Night came again, and the fire-flies flew; But the bud let them pass, and drank of the dew; While the soft stars shone, from the still summer heaven, On the happy little flower that had learned the lesson given.
"The little bud's lesson shall teach us how sad a thing is pride, and that humility alone can bring true happiness to flower and Fairy.
"It is a lady again," interrupted she, holding out the bud
she had peeled.
To them the coming examinations were constantly very important indeed--far more important than chestnut buds
or Maytime hazes.
They brought him things to look at--buds which were opening, buds
which were tight closed, bits of twig whose leaves were just showing green, the feather of a woodpecker which had dropped on the grass, the empty shell of some bird early hatched.
"It's all right, Saxon," Billy began, but was interrupted by Bud
"Well, I got my boots on, and we went down and slipped in and laid the paper of sugar on the berth, and sat down soft and sheepish and went to listening to Bud
His Serene and Tremendous Majesty, King Bud
The pet pupil of the Nuns' House is Miss Rosa Bud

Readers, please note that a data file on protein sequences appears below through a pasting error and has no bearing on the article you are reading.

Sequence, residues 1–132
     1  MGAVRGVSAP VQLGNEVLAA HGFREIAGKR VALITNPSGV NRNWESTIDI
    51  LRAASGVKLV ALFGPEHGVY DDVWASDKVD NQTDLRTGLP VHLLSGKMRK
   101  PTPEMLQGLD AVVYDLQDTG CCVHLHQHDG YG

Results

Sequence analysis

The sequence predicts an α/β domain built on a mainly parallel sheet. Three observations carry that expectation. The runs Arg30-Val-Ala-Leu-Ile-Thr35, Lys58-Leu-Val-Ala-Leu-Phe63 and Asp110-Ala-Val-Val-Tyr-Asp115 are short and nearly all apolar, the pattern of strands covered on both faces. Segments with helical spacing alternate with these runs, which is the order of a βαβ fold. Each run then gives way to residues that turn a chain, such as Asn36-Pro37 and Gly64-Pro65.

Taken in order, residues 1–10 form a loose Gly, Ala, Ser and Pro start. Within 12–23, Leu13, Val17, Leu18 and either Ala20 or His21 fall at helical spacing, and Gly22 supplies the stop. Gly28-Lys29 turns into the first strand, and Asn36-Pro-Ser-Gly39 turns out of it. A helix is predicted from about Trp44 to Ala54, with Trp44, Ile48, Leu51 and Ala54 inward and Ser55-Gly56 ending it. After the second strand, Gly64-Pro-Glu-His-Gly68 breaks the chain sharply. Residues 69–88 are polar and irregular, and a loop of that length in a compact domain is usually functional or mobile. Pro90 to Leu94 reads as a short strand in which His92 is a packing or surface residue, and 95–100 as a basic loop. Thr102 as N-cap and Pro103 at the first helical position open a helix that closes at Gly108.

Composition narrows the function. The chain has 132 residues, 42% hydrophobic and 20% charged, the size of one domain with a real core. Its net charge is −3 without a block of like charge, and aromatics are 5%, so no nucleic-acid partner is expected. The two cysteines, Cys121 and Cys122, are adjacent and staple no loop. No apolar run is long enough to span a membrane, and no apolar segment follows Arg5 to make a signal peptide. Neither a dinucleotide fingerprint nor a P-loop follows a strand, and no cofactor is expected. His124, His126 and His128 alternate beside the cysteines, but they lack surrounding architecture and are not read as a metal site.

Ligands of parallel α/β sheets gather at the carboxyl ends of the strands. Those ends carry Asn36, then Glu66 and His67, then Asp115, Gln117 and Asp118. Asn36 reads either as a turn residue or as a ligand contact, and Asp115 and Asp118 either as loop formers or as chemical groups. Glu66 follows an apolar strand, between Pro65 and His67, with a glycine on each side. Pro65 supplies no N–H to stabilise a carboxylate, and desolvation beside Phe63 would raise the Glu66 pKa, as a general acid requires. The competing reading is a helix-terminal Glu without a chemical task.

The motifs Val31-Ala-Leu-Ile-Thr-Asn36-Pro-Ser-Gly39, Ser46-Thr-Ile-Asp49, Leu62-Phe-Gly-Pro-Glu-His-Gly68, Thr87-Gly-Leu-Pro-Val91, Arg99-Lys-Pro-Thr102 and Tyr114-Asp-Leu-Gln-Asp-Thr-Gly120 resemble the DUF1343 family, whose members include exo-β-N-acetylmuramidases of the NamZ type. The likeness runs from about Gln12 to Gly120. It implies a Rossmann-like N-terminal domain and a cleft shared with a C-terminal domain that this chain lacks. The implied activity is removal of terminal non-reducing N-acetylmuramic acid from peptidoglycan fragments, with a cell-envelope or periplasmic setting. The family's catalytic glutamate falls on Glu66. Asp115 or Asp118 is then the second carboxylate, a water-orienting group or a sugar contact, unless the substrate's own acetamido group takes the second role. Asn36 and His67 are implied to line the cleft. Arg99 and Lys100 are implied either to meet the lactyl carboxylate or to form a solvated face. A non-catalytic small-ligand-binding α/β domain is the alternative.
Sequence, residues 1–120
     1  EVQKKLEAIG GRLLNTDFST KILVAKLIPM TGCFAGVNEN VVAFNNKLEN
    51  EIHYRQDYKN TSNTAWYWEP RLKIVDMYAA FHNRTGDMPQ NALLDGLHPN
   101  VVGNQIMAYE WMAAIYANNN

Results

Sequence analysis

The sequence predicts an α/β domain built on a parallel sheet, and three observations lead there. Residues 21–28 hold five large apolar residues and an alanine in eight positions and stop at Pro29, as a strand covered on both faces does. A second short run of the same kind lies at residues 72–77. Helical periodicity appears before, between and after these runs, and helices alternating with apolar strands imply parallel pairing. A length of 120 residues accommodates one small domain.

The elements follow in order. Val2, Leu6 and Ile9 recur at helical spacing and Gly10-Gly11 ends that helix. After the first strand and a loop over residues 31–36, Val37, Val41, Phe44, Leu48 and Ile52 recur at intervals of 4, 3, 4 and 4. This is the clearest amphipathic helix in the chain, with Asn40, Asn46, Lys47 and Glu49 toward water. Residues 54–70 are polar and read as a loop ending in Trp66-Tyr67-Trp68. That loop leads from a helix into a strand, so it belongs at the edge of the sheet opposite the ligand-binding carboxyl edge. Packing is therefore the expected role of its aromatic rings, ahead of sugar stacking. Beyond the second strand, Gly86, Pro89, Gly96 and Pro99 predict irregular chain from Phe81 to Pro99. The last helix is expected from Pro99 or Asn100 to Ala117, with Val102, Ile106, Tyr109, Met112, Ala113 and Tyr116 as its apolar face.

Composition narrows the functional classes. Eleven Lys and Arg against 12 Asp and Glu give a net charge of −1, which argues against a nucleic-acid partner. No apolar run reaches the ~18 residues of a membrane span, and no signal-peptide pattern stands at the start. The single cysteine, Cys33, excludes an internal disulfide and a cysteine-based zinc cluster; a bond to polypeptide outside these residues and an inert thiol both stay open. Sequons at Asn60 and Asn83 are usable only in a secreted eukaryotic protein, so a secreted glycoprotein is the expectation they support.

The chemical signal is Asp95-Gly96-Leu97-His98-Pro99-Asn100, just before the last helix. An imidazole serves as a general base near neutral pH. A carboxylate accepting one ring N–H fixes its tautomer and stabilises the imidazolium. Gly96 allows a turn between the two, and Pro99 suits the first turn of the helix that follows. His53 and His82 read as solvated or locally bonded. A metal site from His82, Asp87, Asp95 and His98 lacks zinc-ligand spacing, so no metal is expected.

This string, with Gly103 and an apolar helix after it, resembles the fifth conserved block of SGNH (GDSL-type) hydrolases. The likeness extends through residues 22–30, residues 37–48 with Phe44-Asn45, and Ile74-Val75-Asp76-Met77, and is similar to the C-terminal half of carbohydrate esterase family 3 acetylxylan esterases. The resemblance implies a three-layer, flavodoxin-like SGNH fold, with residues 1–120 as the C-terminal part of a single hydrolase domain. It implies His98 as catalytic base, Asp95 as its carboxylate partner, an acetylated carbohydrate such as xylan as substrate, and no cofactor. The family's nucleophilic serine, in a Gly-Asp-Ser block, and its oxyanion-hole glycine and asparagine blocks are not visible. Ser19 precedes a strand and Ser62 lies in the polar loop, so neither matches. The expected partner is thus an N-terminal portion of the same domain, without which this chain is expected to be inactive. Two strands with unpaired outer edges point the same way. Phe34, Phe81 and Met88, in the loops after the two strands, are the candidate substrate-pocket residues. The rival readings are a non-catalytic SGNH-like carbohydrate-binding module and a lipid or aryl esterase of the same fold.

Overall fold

, of course called Rosebud; wonderfully pretty, wonderfully childish, wonderfully whimsical.
It grieved him to think that his little Alice, who was a flower bud
fresh from paradise, must open her leaves to the rough breezes of the world, or ever open them in any clime.
At first, indeed, she had seemed to take a pleasure in mortifying my vanity and crushing my presumption - relentlessly nipping off bud
as they ventured to appear; and then, I confess, I was deeply wounded, though, at the same time, stimulated to seek revenge; - but latterly finding, beyond a doubt, that I was not that empty-headed coxcomb she had first supposed me, she had repulsed my modest advances in quite a different spirit.
The Northwest Company had made a second memorial to that government, representing Astoria as an American establishment, stating the vast scope of its contemplated operations, magnifying the strength of its fortifications, and expressing their fears that, unless crushed in the bud
, it would effect the downfall of their trade.